De Blasio Drops Out Of 2020 Race: ‘It’s Clearly Not My Time’

NEW YORK, NY - MARCH 27: New York City Mayor Bill De Blasio speaks to reporters during a media availability with the 'Fearless Girl' statue, March 27, 2017 in New York City. De Blasio announced that the popular statu... NEW YORK, NY - MARCH 27: New York City Mayor Bill De Blasio speaks to reporters during a media availability with the 'Fearless Girl' statue, March 27, 2017 in New York City. De Blasio announced that the popular statue of a young girl staring down the famous Wall Street 'Charing Bull' will stay in place until February 2018. (Photo by Drew Angerer/Getty Images) MORE LESS
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September 20, 2019 7:53 a.m.
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New York Mayor Bill de Blasio dropped out of the 2020 presidential race Friday morning, saying on MSNBC that “it’s clearly not my time.”

“I have to tell you, at the same time, I feel like I’ve contributed all I can to this primary election, and it’s clearly not my time,” he said on “Morning Joe.” “So I’m going to end my presidential campaign, continue my work as mayor of New York City, and I’m going to keep speaking up for working people and for a Democrat party that stands for working people.”

He cited his inability to qualify for the debate stages as the “central reason” for his bowing out. He added that the lateness with which he entered the race was a costly mistake.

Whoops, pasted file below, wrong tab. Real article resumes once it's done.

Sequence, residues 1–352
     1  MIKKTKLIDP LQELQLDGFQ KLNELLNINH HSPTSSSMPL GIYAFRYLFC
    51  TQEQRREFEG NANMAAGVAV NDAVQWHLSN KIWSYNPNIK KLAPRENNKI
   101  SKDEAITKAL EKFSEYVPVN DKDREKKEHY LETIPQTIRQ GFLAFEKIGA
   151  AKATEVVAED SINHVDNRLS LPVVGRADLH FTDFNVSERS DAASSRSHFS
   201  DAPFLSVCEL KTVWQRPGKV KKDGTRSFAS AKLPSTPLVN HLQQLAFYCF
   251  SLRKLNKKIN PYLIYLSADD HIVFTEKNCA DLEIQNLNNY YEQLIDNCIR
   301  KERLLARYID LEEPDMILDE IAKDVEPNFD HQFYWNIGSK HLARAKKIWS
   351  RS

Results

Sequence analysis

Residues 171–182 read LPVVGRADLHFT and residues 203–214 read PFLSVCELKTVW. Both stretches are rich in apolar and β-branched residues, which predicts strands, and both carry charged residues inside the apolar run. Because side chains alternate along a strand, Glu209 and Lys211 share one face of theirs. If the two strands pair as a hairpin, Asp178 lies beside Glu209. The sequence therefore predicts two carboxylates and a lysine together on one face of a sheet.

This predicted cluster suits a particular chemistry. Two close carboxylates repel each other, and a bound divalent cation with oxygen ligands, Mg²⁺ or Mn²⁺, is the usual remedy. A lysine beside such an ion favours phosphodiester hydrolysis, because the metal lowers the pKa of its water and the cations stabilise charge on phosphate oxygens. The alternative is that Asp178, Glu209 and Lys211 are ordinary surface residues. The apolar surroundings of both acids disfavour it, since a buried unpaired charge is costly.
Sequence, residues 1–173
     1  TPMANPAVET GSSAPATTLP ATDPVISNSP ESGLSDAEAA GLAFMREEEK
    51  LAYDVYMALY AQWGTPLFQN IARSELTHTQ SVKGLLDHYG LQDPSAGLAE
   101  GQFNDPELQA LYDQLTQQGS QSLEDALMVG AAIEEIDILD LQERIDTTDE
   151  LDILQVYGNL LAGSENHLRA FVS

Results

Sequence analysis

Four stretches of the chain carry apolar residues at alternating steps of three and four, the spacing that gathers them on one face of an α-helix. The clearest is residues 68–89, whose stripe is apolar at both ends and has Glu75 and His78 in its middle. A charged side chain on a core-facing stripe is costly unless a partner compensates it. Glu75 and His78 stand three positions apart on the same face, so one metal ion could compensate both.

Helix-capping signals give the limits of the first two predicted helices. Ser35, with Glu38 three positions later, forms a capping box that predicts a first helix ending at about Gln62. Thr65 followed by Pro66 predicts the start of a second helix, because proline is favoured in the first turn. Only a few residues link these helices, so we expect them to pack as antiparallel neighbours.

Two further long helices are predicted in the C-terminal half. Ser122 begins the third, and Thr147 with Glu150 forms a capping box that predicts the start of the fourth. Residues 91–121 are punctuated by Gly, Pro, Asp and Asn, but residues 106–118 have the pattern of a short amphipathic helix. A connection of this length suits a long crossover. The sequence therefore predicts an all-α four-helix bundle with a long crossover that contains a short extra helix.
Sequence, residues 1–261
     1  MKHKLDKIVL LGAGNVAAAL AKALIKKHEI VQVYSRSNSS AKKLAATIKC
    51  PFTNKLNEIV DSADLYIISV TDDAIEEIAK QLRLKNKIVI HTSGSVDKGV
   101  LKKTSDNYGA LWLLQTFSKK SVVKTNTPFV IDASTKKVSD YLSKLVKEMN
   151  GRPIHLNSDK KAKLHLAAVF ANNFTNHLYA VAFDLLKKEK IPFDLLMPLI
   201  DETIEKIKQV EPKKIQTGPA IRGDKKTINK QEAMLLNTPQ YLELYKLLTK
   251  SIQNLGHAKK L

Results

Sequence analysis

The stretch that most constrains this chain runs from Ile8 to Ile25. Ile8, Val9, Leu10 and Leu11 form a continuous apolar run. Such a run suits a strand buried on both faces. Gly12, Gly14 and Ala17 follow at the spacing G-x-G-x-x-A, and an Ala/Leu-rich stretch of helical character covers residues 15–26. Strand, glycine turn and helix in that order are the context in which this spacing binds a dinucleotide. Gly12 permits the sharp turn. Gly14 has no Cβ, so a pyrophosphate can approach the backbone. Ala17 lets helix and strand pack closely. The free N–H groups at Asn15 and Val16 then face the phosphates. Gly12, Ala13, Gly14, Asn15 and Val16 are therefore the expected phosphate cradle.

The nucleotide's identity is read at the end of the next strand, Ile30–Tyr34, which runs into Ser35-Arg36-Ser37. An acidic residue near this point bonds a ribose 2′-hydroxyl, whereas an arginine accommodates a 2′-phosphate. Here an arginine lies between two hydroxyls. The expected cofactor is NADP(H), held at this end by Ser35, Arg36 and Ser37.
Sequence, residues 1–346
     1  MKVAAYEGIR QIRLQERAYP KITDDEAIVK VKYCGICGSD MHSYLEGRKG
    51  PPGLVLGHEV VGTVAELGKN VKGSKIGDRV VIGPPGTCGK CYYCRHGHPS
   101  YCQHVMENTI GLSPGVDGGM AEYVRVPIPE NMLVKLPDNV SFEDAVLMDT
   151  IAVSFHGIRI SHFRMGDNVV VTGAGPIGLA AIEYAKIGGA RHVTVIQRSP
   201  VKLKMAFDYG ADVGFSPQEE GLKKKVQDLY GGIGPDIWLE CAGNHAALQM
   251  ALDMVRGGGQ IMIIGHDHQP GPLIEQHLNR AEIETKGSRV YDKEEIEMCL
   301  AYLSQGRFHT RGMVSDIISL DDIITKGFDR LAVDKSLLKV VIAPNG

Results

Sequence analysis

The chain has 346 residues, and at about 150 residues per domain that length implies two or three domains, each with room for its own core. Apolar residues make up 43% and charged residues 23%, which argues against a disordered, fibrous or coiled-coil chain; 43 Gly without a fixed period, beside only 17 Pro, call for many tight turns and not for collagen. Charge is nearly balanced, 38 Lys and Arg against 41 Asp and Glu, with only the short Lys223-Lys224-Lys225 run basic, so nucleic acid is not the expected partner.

“If you don’t get in real early, you have a challenge,” he said. “I have learned that very personally.”

He declined to endorse any candidate, though he did throw a jab at former Vice President Joe Biden.

“If you take the world right this minute, great respect to the Vice President, he’s not presenting that agenda that will energize that vote,” he said of Biden’s chances to generate turnout against President Donald Trump.

During his MSNBC appearance, a piece he wrote was published on the NBC News website titled “Why I’m ending my 2020 campaign — and what I promise to do next.”

In it, he calls running for president a “profound experience” and urges Democrats to focus on the needs of working people, a plank of his campaign.

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